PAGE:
By: Mark Schieffer, CFA
EVP Chief Investment Officer
The March employment figures disappointed investors across the board. Non-farm payrolls grew by just 120 thousand, compared to economist estimates of 205 thousand. As I wrote last month, the rising gas price “tax” is helping to slow down the U.S. economy. Department of Energy reports that gas prices nationally are averaging a hair below $4 per gallon. The last time we approached this level was last Memorial Day weekend, which coincided with the kickoff of a global economic downturn. Weakness in Europe and a slowdown in China from a tremendous growth rate to just a really strong growth rate means we’ve currently hit a bit of a soft patch that is likely to continue through the 2nd quarter. In the bigger picture, I think we’re just experiencing a lull in a long, slow, dull run of upward recovery from the financial crisis of 2007-8. U.S. corporate balance sheets are solid and the finance sector is no longer overtly floundering. The current regulatory environment is not favorable for a significant upward path, so the 1970s-like malaise, with a bias toward meager growth, is likely to continue for some time.
The Federal Open Market Committee (FOMC) takes a longer view than traders and they just haven’t seen the evidence one way or the other to change their current position on adding more stimuli through quantitative easing. The current position is to leave well enough alone. This point of view includes the 1-month disappointment in labor reports. Many investors get excited about the possibility of even more central bank stimulus, while sort of missing the point of the potential need for stimulus in the first place—the economy would need to be weak enough to justify it. So, traders are implicitly rooting for QE3 (quantitative easing round 3) because that shifts the risk to the government and the rewards to the market. It’s easy to see why . . . all the prior support programs have been designed to turbo-charge returns for investors by borrowing cheaply from the government and investing in slam dunk, government sponsored payoff profiles. Most of the FOMC now thinks that more support is currently unnecessary and that sets up the cycle of disappointment for short-term investors. We end up operating in a hallway where the walls are boundaries for a strong economy (no QE3, disappointed stock market) and a weak economy (QE3, weak labor market).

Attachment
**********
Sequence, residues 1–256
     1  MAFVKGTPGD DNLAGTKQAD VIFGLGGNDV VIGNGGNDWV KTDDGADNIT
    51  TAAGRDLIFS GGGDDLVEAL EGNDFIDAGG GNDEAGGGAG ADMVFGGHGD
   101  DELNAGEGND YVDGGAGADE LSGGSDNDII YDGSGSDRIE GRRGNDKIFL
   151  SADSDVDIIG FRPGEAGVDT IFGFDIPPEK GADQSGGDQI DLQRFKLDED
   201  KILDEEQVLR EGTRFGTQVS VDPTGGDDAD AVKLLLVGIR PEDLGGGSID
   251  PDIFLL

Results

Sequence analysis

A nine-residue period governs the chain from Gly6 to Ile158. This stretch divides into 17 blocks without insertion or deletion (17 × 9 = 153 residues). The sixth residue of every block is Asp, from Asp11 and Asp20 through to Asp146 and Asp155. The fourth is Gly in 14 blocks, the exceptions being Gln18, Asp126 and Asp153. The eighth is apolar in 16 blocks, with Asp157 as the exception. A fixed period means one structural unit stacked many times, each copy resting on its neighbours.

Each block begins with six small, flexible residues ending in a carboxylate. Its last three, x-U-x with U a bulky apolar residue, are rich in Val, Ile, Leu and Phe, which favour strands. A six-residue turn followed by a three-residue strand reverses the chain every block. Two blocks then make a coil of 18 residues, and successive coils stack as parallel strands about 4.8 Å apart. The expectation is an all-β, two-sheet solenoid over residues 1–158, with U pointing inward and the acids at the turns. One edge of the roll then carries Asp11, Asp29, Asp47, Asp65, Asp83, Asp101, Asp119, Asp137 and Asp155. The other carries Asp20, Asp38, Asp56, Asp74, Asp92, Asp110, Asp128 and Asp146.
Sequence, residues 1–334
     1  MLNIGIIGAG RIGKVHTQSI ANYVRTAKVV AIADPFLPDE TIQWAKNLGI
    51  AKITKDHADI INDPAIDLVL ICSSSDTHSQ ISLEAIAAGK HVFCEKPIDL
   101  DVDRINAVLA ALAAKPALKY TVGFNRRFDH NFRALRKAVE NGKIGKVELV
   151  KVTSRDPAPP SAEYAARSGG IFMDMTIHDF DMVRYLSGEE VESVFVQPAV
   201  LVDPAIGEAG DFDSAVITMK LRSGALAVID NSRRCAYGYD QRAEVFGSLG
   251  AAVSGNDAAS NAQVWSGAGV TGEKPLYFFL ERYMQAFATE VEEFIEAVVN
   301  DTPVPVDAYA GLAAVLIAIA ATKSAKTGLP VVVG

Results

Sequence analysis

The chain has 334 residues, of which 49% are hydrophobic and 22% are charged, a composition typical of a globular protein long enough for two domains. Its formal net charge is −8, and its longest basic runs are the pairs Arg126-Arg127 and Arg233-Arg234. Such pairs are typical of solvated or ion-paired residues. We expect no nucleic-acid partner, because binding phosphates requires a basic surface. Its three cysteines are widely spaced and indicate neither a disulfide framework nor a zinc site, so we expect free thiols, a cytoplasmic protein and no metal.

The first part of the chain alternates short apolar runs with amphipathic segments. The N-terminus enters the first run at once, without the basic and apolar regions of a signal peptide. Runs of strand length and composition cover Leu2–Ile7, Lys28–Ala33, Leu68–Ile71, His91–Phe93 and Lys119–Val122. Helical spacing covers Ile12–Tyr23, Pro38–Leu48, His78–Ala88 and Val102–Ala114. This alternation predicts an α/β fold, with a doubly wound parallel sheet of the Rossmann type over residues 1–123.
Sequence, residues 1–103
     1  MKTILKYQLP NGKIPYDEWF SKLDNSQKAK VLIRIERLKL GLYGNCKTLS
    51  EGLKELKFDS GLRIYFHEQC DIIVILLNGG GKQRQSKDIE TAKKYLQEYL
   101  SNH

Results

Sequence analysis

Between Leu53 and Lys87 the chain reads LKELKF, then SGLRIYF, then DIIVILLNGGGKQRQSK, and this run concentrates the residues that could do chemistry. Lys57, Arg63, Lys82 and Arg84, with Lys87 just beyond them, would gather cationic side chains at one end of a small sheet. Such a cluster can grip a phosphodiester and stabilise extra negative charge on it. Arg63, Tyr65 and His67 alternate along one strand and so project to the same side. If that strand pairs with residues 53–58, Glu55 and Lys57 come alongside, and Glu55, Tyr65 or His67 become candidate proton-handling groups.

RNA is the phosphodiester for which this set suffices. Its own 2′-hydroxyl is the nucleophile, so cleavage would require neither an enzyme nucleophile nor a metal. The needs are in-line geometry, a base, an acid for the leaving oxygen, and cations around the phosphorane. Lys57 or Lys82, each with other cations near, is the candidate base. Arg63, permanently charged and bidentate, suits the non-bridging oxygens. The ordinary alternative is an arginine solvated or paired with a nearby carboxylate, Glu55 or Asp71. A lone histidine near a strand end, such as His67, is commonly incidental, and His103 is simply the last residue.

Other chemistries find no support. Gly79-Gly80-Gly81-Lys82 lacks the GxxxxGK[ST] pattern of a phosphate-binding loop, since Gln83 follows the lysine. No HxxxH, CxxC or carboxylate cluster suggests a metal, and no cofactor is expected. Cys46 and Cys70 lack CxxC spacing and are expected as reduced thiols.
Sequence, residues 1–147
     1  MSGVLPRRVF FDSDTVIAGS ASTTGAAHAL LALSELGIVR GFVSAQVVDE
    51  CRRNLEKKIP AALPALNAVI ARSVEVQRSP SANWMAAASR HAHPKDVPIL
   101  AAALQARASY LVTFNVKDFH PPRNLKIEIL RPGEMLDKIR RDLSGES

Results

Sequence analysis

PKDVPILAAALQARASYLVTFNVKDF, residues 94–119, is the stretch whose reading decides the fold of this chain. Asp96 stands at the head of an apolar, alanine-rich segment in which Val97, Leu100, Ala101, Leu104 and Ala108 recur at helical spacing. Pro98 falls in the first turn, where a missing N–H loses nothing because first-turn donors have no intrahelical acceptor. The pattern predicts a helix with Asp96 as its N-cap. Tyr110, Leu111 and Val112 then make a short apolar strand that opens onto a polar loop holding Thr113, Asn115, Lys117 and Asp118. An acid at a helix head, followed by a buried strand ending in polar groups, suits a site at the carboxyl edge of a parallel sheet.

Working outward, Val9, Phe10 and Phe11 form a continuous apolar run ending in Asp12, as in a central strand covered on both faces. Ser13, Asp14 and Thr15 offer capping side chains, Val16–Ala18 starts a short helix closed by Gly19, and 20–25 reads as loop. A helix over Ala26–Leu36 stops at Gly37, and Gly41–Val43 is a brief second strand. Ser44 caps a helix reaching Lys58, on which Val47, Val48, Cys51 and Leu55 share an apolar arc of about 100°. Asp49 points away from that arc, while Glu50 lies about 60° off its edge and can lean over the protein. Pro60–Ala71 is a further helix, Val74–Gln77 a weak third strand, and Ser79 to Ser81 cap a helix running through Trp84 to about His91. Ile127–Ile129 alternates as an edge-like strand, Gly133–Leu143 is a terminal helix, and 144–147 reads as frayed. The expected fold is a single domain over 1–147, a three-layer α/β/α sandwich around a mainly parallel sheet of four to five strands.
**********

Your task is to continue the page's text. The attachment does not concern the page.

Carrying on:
Interest rates and the stock market reversed recent gains over the last few weeks as the economy slows. The 2-year T-note yield fell from .38% to a current level of .28%. Over the last six months, this bellwether short-term safe investment has traded within a range of less than 20 basis points. The 10-year T-note yield dropped back 20-25 basis points to February levels of 2.00-2.05%. U.S. stocks continue to be the star performer in 2012. Major U.S. stock indices dropped 2-3% in the last month, reflecting the decline in short-term growth prospects.